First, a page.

Charles Capps (1896-1981) Two Gates – Monterrey aquatint etching 70/75 approx. 7 x 8″, framed, sold
A printmaker especially known for subtle tonal variations in aquatints, Charles Capps, whose friends called him “Chili”, did many images of Midwestern scenes and Southwestern subjects as well as commercial art endeavors. He was especially taken with the adobe architecture of Taos and Santa Fe. He created his own plates, and turning out editions of about 100, signed and numbered each one in pencil. In total, he completed about 80 prints, of which half are aquatints, a third etchings and drypoints and the others blockprints and lithographs.
Noted for his dry sense of humor, he had a sign over his studio door: “Phooey to the Louvre”. One of his friends said that Capps “could puncture a balloon of self-important pomposity.”
An active member of the Prairie Print Makers of Kansas, he served as its President for twenty-three years. He was also active in the Society of American Etchers, the Chicago Society of Etchers, Philadelphia Society of Etchers, Northwest Printmakers and Printmakers Society of California.
Capps was born in Jacksonville, Illinois where his father was a clothing manufacturer, and Capps worked in the mills during summer vacations. He went to Illionois College in Jacksonville, graduating in 1920 and then attended the Chicago Academy of Fine Arts and the Pennsylvania Academy of Fine Arts in Philadelphia.
Returning to Jacksonville, he married Anna Palmer and the couple moved to Wichita to work for Western Lithograph. Shortly after, he returned to Illinois, taking an advertising job in Springfield. Then they moved to San Francisco, where he worked as a free-lance advertising artist until 1925, when he returned to Wichita and a promotion at Western Lithograph. Soon he began experimenting with woodcuts, creating a series of award-winning bookplates, and from 1931, did etchings. The quality of his prints earned him membership in professional printmakers’ organizations including the Chicago Society of Etchers, where the committee upon seeing his work, burst into applause. Also friendship and classes with Doel Reed, professor of art at Oklahoma State University, and master of aquatints, had a profound effect on Capps’ career, which was memorialized just before his death with a joint retrospective with Clarence Hotvedt and Lloyd Foltz sponsored by the Wichita Art Association.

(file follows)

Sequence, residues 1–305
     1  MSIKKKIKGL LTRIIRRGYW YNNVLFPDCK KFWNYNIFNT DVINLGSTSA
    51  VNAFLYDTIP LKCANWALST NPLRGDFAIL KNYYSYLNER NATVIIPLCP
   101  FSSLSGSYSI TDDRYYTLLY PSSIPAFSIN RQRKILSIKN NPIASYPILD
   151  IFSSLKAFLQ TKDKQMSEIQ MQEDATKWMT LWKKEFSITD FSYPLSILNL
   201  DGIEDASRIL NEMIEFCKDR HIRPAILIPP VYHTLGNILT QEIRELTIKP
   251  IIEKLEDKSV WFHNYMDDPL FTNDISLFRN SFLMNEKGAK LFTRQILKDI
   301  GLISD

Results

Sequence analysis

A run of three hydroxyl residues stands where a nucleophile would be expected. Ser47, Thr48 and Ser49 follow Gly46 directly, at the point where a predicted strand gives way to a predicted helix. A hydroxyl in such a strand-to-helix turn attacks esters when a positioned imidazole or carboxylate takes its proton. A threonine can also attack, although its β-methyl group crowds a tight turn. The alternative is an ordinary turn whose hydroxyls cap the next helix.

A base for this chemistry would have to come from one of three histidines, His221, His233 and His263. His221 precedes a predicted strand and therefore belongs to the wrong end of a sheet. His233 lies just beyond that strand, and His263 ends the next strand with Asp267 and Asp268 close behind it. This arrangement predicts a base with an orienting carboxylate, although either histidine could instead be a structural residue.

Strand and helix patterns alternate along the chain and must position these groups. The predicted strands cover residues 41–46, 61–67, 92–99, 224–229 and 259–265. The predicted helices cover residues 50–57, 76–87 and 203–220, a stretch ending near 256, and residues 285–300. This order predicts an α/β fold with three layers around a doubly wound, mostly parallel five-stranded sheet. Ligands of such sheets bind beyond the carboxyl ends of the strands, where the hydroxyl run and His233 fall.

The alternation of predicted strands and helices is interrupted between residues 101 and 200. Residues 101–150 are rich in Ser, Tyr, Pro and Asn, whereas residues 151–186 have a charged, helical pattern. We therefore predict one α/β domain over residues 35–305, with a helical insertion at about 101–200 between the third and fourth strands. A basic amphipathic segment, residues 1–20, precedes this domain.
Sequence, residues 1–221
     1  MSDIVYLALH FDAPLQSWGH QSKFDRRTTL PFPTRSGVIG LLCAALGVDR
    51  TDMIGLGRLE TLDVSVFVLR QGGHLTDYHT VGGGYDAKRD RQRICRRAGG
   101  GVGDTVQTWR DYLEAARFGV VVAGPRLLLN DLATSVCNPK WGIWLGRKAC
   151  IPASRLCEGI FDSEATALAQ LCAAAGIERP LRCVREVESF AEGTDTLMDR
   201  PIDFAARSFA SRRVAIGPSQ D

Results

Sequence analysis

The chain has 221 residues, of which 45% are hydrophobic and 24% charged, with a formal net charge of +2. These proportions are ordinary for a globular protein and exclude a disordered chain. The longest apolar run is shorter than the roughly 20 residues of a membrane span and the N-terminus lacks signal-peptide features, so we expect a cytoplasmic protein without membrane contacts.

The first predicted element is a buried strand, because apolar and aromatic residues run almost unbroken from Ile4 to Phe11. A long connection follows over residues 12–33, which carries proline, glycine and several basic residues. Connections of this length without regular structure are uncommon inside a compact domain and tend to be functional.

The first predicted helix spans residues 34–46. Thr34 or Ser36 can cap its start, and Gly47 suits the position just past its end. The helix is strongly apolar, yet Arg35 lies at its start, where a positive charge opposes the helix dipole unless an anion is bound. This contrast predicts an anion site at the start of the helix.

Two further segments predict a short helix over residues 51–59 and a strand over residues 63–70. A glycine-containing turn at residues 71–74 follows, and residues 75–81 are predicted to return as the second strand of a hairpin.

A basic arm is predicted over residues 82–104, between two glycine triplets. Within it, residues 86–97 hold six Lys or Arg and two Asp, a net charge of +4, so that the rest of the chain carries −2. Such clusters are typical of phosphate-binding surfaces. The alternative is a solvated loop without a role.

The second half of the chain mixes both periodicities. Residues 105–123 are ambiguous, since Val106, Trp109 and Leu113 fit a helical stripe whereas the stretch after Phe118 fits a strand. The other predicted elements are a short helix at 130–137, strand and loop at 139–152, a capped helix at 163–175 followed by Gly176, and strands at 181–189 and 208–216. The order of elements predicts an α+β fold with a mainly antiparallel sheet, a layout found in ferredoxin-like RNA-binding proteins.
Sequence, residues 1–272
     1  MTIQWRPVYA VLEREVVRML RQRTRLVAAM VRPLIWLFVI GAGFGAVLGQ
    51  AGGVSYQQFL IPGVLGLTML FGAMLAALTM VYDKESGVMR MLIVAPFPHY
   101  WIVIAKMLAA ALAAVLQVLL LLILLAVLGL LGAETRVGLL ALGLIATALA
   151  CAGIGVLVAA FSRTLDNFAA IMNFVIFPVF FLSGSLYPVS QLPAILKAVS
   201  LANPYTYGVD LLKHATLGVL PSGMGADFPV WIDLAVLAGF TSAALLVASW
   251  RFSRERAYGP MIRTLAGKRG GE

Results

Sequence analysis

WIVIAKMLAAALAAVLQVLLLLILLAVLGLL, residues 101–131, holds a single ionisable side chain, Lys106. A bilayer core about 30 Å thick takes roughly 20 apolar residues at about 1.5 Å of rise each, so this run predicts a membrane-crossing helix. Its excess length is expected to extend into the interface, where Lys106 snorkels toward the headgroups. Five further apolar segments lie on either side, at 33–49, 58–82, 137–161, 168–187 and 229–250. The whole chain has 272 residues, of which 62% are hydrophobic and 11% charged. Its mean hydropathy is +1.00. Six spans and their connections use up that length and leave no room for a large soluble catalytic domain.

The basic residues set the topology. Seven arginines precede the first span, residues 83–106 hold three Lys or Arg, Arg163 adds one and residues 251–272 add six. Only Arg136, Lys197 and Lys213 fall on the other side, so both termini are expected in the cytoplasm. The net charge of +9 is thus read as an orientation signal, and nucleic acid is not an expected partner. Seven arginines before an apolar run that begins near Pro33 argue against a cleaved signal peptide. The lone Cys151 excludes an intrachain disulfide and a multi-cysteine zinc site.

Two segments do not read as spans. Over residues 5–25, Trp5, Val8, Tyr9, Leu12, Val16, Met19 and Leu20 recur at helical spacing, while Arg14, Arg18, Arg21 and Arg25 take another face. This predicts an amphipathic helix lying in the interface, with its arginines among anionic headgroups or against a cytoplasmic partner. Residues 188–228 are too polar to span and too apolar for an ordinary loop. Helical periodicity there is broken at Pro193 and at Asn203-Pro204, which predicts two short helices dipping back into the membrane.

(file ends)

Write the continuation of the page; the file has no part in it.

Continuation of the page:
Capps died July 17, 1981.